The Iowa Governor’s STEM Advisory Council and Kemin Industries joined together to honor teachers who are inspiring Iowa’s students to develop a passion for STEM subjects. The Iowa STEM Teacher Award Program is for teachers who are making a significant difference in the lives of students across the state by providing excellent curriculum, encouraging lifelong learning and inspiring a passion for STEM beyond the classroom and into the future.
The a panel of judges selected the recipients of the 2023 Iowa STEM Teacher Award, including:
Northwest STEM Region
Shane Peterson, 8-12 Industrial Technology Instructor at West Lyon Community School District in Inwood, encourages students to think creatively, goes above and beyond for the industrial technology program, and someone who has grown his students’ confidence in their futures. His principal noted that in addition to acquiring new technology, encouraging more female students to take interest in industrial technology, and bringing in industry speakers to his classroom, he has received over $200,000 in grants for his classroom. Peterson finds opportunities for his curriculum to connect with the community and STEM-focused business partners.
North Central STEM Region
Brittany Zimpfer, K-5 STEAM Instructor at Rock Run Elementary School in Iowa Falls, collaborates with general education teachers throughout her school to learn what is being taught and how she can connect it to her classroom. In creating this collaborative curriculum, Zimpfer focuses on incorporating problem-solving, perseverance, and fun at a developmentally appropriate level. Throughout all her courses, Zimpfer stresses the importance of learning to fail well. She celebrates classroom failures and recognizes when students take big risks and big ideas that fail, to help inspire courage and creativity. Zimpfer connects a STEM career to every unit she teaches to give her students more examples of what STEM careers can look like, focusing on sharing photos and videos of diverse backgrounds so students can see someone like themselves achieving their goals, and can more easily picture themselves achieving their personal dreams.
Northeast STEM Region
Greg Moklestad, 9-12 Computer Science and Engineering Instructor at Dubuque Senior High School, reimagined the school’s engineering program and brought new life to the subject, as seen by increased enrollment in his classes and the need for additional courses to meet interest levels. He recognizes that success in the 21st century revolves around a healthy STEM education and focuses on creating strong relationships with his students and providing access to real-world experiences to increase awareness of STEM opportunities. Molkestad created a partnership with the John Deere Dubuque Works Facility where students have the opportunity to work on intern level engineering projects with John Deere engineer mentors. His work on this trail-blazing program will not only benefit students at his school, but also allows for other schools to partner with John Deere using structures similar to what he set up.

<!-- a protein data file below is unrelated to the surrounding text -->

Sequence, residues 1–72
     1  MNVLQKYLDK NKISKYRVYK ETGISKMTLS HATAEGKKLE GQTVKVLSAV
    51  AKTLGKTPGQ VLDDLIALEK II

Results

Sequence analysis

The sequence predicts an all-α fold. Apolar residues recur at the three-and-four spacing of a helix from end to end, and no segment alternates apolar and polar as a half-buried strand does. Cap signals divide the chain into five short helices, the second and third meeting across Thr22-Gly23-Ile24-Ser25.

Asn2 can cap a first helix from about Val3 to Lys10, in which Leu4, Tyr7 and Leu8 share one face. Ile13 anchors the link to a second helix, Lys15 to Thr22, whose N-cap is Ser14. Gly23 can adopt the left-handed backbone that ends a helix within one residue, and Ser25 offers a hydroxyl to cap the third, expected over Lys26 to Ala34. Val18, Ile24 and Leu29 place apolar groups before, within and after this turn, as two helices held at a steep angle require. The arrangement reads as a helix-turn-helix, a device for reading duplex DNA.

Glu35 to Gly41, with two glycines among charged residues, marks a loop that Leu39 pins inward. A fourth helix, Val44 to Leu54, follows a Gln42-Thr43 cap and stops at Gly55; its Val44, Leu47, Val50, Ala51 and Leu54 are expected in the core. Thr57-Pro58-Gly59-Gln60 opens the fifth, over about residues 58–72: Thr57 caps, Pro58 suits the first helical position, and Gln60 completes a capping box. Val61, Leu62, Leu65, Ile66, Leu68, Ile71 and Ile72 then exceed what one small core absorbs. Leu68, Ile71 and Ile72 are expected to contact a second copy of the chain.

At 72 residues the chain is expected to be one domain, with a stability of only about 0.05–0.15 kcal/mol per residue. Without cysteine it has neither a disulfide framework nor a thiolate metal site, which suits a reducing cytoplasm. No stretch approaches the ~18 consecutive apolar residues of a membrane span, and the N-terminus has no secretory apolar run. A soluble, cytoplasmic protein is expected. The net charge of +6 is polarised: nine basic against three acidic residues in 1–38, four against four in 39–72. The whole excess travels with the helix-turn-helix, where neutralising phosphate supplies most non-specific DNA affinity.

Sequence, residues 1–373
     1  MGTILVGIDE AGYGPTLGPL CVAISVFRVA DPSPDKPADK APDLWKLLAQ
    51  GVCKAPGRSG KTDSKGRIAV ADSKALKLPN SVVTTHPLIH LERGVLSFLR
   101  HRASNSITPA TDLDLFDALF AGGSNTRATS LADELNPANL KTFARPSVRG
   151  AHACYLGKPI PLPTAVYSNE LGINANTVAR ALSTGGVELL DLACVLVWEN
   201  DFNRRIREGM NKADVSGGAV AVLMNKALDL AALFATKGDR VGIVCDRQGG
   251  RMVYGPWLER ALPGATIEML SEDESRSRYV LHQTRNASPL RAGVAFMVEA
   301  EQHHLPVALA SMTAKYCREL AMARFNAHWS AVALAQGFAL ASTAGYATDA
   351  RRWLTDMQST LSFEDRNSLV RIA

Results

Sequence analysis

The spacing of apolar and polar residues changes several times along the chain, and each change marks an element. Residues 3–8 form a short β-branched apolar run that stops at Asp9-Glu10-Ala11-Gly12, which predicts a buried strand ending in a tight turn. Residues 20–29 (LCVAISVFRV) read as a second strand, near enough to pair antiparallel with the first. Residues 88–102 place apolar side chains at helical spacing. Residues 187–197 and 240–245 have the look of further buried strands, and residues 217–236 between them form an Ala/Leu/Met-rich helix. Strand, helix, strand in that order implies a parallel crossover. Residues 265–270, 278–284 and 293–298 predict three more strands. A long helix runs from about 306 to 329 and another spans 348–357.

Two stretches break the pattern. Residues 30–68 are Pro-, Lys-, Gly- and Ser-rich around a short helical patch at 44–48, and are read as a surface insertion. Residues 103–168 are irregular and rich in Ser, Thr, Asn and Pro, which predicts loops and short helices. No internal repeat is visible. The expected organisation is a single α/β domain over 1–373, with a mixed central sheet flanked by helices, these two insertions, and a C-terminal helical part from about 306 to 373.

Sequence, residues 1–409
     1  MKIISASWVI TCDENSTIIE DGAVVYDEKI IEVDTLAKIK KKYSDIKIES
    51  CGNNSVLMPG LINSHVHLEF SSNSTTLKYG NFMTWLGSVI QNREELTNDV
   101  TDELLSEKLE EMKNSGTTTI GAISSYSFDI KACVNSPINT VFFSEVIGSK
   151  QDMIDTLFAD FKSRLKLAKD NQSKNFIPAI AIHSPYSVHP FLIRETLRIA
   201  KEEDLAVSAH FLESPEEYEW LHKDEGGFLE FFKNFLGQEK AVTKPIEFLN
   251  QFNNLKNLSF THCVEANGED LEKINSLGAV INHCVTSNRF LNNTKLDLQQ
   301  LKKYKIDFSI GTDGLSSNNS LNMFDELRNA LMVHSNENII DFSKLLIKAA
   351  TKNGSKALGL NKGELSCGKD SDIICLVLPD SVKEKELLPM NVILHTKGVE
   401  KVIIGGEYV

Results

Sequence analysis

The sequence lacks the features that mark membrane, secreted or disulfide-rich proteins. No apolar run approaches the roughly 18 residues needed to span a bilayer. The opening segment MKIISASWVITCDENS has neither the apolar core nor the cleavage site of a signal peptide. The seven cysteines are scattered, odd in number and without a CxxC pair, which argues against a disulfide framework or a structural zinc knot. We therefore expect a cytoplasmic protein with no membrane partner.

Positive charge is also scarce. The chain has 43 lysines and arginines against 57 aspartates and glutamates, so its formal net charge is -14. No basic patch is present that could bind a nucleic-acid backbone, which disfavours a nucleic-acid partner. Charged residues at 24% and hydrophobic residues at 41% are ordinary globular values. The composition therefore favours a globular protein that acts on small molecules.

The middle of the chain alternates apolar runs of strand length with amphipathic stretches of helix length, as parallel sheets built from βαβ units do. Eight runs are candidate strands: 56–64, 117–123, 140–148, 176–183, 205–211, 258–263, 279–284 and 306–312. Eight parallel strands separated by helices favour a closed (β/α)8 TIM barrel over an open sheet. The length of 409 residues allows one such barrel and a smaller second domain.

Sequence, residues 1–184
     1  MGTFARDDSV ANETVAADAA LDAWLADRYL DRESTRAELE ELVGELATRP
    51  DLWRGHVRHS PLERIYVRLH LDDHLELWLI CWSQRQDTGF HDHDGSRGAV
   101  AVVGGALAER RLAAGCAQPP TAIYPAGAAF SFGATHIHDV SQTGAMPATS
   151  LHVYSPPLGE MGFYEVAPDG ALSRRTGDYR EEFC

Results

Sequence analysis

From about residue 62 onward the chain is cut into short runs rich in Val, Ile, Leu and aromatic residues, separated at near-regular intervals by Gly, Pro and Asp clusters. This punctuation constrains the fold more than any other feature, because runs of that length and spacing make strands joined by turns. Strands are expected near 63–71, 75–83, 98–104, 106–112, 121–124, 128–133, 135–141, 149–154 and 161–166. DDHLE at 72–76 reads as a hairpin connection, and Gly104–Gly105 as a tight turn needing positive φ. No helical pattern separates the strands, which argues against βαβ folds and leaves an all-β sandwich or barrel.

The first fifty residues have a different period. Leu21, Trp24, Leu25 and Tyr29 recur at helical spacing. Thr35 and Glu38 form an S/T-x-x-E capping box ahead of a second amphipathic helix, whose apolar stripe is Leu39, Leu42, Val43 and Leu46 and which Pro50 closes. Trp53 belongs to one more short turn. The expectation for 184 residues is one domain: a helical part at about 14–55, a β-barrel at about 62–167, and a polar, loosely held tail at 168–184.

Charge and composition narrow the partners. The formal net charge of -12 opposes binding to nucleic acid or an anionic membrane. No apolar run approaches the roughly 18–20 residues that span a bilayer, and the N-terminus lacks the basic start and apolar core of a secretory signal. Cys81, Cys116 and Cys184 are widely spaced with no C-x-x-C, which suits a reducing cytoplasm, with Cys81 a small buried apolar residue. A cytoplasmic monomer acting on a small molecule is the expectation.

Southwest STEM Region
Maggie Arnold, communication and service technology teacher at Creston Community High School, has made remarkable efforts in implementing STEM education into her classroom through technology, projects and community service. She has established the school’s CAST program as a true model for the Iowa Authentic Learning Network—creating two businesses that operate out of her classroom and continue to flourish. She has built relationships with local businesses and community leaders to create learning opportunities that help students see the real-world value beyond the walls of the classroom. She encourages her students while also empowering them to take ownership of their projects.
South Central STEM Region
Jan Phifer, early childhood/early childhood special education teacher at Fairview Elementary in Grinnell, implements STEM education into her classroom’s daily routines and activities. She energizes and encourages other preK teachers to embrace STEM and sees the benefit of STEM education for developing a child’s early literacy skills. Phifer continually collaborates with STEM stakeholders to increase the depth and breadth of her knowledge to support STEM education within her classroom. Her involvement with the STEM Scale-Up Program led to her most recent initiative, partnering with the school’s instructional coach and math interventionist to provide an afterschool opportunity for K-2 students in the district. Phifer brings STEM opportunities into the classroom that can be modified to meet the needs of a diverse background of learning needs and developmental abilities. She also serves as a mentor for first- and second-year teachers in the district and continually advocates for STEM education.
Southeast STEM Region
Jessica Howard, business teacher at Lone Tree Community Schools, provides collaborative learning for her students by partnering with STEM stakeholders and community members to bring thoughtful and entertaining STEM opportunities into the classroom. She has participated in the STEM Teacher Externships Program multiple years in a row and has used that experience to enrich her students’ learning experiences and showcase what they need to be successful in the future. STEM subject areas and STEM careers are major factors for Howard when designing projects and curriculum for her students. Through her externship experiences, she is able to connect her students with businesses that provide students with career-linked learning opportunities that help them gain the necessary skills for the future workforce.